Another method of reducing pile up was described by E. Tanaka et al. entitled “Variable Sampling-Time For Improving Count Rate Performance Of Scintillator Detectors”, Nuclear Instruments And Methods158, 1989, pp. 459-466. This method generates a delayed, inverted and attenuated reflection of the original detector signal by means of analog delay line. The attenuation of the reflected pulse is chosen such that:
where Ar(t) is the amplitude of the reflected pulse, Ao(t−Td) is the amplitude of the original signal, Td is the delay between the original signal and the reflected signal, and Tc is a decay time constant of the scintillator. The original and reflected pulses then are summed to give a clipped pulse as in an output signal as shown in FIG. 2. The output signal is given by the expression:
since Ao(T) is given by:
FIGS. 3 and 4 show pre-amplifier circuits that use the delay line clipping method to shorten signals from a scintillator and photomultiplier tube (PMT). In FIG. 3, current from the photomultiplier is dropped across resistor RA to generate a voltage signal which is amplified by amplifier A1 that acts as an input buffer for the clipping circuit. The clipping circuit consists of a load resistor RB, a delay line DL and a terminating resistor RC. The value of the load resistor RL is chosen to equal the characteristic impedance of the delay line DL and the value of resistor RC is chosen so that the reflected signal has the correct amplitude. A second amplifier A2 functions as a driver to isolate the impedance of the output cable from the clipping circuit. Resistor RD is chosen to match the characteristic impedance of the output cable. This circuit has a drawback in that it requires two high performance amplifiers.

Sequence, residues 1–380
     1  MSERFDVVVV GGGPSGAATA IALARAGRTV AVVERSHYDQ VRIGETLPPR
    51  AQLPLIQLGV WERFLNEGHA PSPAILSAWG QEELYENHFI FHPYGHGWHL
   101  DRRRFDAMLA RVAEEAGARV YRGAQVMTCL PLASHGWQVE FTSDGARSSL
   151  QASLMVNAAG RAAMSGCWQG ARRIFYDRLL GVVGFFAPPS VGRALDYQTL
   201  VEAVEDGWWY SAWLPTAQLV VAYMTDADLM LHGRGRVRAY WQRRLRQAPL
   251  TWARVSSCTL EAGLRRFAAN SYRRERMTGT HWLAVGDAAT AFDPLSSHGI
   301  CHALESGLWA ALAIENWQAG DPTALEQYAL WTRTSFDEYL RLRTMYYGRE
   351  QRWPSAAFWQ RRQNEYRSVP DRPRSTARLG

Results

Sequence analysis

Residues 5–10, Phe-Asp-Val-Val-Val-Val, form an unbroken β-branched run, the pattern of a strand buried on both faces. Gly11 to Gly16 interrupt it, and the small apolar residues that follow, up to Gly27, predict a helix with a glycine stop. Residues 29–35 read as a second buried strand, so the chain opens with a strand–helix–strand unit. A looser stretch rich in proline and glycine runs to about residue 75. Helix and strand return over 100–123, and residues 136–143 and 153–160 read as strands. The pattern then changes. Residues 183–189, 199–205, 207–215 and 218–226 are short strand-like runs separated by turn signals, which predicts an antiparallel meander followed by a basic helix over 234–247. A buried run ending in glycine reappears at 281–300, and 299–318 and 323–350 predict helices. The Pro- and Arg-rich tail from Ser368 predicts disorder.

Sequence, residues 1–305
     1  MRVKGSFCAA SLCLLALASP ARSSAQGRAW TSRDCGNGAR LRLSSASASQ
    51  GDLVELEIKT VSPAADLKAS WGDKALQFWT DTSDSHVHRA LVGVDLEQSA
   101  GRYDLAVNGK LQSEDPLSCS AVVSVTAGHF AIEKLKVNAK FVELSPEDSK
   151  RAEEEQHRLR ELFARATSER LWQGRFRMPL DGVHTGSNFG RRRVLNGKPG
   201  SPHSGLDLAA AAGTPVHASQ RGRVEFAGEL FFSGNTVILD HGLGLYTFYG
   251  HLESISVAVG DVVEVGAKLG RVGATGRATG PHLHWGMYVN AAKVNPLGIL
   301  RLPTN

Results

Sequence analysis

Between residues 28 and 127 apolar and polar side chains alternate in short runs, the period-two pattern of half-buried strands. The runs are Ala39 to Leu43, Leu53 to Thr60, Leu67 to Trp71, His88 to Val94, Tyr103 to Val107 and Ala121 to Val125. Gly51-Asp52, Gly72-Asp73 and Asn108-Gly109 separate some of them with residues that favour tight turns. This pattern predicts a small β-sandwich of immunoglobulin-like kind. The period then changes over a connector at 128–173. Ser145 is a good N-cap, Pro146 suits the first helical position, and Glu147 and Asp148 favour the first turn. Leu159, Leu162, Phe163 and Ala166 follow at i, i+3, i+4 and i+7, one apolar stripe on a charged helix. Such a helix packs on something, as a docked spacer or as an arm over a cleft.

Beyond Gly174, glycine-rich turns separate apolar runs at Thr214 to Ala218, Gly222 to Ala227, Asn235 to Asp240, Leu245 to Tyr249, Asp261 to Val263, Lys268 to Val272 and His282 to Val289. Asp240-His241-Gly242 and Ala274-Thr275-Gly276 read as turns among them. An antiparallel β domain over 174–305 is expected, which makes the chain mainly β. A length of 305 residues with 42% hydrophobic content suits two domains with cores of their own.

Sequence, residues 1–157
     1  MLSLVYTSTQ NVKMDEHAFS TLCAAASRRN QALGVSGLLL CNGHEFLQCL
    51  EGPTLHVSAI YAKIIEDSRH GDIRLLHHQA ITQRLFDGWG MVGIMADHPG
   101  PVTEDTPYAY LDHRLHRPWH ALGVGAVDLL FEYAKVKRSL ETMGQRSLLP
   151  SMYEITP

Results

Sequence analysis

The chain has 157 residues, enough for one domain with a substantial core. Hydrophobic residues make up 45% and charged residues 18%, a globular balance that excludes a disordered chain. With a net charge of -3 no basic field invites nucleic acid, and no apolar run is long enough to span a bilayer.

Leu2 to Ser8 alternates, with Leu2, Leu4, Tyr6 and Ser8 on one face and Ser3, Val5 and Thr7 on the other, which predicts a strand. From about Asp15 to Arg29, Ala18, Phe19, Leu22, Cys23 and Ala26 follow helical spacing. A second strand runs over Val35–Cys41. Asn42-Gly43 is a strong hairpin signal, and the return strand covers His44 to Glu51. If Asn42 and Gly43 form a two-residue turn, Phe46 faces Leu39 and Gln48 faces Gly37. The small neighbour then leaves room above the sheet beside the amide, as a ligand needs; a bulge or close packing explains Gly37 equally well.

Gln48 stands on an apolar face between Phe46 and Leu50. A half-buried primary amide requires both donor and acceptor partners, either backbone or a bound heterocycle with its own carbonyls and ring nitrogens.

As an alternative, the circuit in FIG. 4 eliminates one of the amplifiers in the previous circuit by taking advantage of the high impedance output of the photomultiplier tube. The clipping circuit again consists of a load resistor RE, a delay line DL and its terminating resistor RF. The value of load resistor RE is chosen to equal the characteristic impedance of the delay line and the value of resistor RF is chosen so that the reflective signal has the correct amplitude. The current from the photomultiplier tube is dropped across the load resistance RE and the delay line which give an equivalent resistance of one-half RE. The sole amplifier A1 amplifies the voltage signal and acts as a driver to isolate the impedance of the output cable. Although this latter utilizes only a signal amplifier, it has the drawback that the impedance used to convert the photomultiplier signal to a voltage depends upon the impedance of the delay line. If a standard low impedance delay line is employed, the gain required in the amplifier can become very large which may cause performance and stability problems. If the gain of the amplifier is kept low, a high impedance delay line must be used which are relatively large, have limited availability and are relatively expensive.
A circuit for clipping pulses in a signal from a radiation detector such as one that is incorporated in a nuclear medicine imaging system. That circuit has a first node connected to the radiation detector for receiving the signal, a second node, and a third node to which a reference voltage level is applied. In the preferred embodiment of the present invention the third node is coupled to circuit ground. An impedance element is connected between the first and second nodes to provide the desired total load to the PMT. As used herein, an impedance element is an electrical circuit component that has more than a negligible impedance, for example a conductor would not be considered as an impedance element.
A signal delay element, such as an analog delay line for example, has an input connected to the second node and has an output that is coupled to the third node. In the preferred embodiment, another impedance element couples the delay line output to the third node. A load element is connected between the second node and the third node, and has an impedance that matches the impedance of the signal delay element. An amplifier includes a signal input that is connected to the first node and includes a signal output at which is produced the output signal of the circuit for clipping pulses.
FIG. 1 is a graph depicting the signals produced by two gamma rays striking the detector in the PET scanner;
FIG. 2 graphically illustrates processing the detector signal by the delay line pulse shortening method;
FIG. 3 is one embodiment of a prior art delay line circuit for performing the pulse shortening;
FIG. 4 is another embodiment of a prior art pulse shortening circuit;